Ackerman writes with a light but assured touch, her prose rich in fact but economical in delivering it. Fans of birds in all their diversity will want to read this one.

Pub Date: April 12, 2016

ISBN: 978-1-59420-521-7

Page Count: 336

Publisher: Penguin Press

Review Posted Online: Feb. 17, 2016

Kirkus Reviews Issue: March 1, 2016

Did you like this book?

No Comments Yet

Jahren transcends both memoir and science writing in this literary fusion of both genres.

Our Verdict

  • Our Verdict
  • GET IT

  • Kirkus Reviews'
    Best Books Of 2016

  • New York Times Bestseller

  • National Book Critics Circle Winner

LAB GIRL

Award-winning scientist Jahren (Geology and Geophysics/Univ. of Hawaii) delivers a personal memoir and a paean to the natural world.

The author’s father was a physics and earth science teacher who encouraged her play in the laboratory, and her mother was a student of English literature who nurtured her love of reading. Both of these early influences engrossingly combine in this adroit story of a dedication to science. Jahren’s journey from struggling student to struggling scientist has the narrative tension of a novel and characters she imbues with real depth. The heroes in this tale are the plants that the author studies, and throughout, she employs her facility with words to engage her readers. We learn much along the way—e.g., how the willow tree clones itself, the courage of a seed’s first root, the symbiotic relationship between trees and fungi, and the airborne signals used by trees in their ongoing war against insects. Trees are of key interest to Jahren, and at times she waxes poetic: “Each beginning is the end of a waiting. We are each given exactly one chance to be. Each of us is both impossible and inevitable. Every replete tree was first a seed that waited.” The author draws many parallels between her subjects and herself. This is her story, after all, and we are engaged beyond expectation as she relates her struggle in building and running laboratory after laboratory at the universities that have employed her. Present throughout is her lab partner, a disaffected genius named Bill, whom she recruited when she was a graduate student at Berkeley and with whom she’s worked ever since. The author’s tenacity, hope, and gratitude are all evident as she and Bill chase the sweetness of discovery in the face of the harsh economic realities of the research scientist.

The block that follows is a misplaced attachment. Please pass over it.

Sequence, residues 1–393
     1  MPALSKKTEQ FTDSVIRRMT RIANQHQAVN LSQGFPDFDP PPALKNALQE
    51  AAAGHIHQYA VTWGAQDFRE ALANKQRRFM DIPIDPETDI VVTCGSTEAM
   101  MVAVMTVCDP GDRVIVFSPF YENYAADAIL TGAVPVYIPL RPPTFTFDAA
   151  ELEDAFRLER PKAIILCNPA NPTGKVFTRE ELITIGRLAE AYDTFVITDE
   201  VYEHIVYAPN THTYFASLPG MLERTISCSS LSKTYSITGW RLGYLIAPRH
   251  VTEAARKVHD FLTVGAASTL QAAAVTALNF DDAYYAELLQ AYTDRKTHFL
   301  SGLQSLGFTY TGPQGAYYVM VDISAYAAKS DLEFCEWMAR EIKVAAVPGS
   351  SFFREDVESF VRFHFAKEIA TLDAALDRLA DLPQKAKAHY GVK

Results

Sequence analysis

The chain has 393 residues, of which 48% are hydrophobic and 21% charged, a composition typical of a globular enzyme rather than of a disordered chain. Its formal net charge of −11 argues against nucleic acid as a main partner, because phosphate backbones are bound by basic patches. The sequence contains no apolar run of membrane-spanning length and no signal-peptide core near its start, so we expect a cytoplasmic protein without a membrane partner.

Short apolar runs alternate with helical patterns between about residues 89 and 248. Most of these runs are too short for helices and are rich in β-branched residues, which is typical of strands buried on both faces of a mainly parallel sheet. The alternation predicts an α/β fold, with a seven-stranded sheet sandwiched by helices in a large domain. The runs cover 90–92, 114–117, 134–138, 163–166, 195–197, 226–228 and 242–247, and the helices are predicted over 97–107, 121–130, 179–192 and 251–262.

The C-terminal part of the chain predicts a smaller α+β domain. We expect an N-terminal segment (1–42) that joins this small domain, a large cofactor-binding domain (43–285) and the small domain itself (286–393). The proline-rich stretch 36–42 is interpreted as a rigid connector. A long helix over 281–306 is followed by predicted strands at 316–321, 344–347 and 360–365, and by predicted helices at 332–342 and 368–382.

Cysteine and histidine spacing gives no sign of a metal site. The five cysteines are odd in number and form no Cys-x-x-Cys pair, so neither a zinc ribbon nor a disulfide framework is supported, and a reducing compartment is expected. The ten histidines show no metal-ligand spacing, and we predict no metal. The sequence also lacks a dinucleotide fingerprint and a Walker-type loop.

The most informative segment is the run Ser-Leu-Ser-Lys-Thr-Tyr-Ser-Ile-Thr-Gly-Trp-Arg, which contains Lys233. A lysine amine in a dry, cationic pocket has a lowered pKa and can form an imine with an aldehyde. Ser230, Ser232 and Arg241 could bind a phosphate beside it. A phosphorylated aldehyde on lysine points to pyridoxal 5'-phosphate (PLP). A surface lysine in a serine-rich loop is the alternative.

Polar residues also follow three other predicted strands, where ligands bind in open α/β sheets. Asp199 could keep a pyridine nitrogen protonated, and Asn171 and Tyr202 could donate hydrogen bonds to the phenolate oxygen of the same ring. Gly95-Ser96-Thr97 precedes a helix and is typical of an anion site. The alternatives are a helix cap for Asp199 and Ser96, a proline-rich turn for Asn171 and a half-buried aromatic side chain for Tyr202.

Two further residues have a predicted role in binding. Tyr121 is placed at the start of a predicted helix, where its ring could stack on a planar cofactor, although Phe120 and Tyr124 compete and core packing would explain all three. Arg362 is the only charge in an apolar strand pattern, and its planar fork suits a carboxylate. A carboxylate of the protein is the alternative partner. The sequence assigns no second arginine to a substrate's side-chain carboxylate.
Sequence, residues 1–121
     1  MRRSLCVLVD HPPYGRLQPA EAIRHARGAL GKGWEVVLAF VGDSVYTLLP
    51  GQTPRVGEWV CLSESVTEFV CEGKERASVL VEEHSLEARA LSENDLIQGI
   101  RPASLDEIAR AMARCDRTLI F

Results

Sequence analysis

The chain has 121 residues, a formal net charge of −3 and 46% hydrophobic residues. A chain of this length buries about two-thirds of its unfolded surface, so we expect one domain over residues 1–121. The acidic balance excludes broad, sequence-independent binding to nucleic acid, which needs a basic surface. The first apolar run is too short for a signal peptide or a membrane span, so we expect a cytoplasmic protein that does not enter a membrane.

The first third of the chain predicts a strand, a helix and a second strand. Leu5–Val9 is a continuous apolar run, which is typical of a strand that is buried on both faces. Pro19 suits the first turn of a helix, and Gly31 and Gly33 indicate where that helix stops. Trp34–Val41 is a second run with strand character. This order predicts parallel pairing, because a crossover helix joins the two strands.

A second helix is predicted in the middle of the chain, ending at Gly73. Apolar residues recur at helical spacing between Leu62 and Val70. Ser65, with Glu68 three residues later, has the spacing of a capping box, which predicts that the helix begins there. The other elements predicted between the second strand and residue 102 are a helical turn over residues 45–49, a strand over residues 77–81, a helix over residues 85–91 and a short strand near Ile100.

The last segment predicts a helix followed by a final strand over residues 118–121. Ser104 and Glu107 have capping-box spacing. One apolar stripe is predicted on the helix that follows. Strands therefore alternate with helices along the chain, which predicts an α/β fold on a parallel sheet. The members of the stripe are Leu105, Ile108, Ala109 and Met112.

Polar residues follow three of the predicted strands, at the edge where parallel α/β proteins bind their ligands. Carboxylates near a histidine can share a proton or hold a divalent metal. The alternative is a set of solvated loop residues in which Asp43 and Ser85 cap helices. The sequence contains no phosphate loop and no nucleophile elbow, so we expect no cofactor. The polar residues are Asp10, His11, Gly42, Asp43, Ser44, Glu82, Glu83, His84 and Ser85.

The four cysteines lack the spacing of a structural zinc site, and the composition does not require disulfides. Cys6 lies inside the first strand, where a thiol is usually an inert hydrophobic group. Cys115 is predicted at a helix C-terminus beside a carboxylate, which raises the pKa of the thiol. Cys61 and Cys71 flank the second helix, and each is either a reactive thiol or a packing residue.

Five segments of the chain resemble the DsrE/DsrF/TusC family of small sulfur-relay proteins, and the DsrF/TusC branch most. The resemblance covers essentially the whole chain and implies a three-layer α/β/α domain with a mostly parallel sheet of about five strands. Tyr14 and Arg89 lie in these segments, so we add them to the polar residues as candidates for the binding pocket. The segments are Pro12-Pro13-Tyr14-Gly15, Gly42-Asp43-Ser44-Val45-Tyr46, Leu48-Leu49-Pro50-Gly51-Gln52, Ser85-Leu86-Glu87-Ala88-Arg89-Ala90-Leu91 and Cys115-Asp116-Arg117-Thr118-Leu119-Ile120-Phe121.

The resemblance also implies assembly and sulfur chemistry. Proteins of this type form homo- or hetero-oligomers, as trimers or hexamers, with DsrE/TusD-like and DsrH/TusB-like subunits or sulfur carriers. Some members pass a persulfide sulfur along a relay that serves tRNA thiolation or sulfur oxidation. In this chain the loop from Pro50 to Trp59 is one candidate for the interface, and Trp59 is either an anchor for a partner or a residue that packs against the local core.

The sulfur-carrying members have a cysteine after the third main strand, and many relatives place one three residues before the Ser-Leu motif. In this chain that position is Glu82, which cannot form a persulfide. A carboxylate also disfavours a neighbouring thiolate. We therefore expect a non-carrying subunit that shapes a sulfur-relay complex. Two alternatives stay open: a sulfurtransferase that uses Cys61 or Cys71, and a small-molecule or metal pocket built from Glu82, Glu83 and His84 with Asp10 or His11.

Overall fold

Jahren transcends both memoir and science writing in this literary fusion of both genres.

Pub Date: April 5, 2016

ISBN: 978-1-101-87493-6

Page Count: 336

Publisher: Knopf

Review Posted Online: Jan. 5, 2016

Kirkus Reviews Issue: Jan. 15, 2016

Did you like this book?

No Comments Yet
more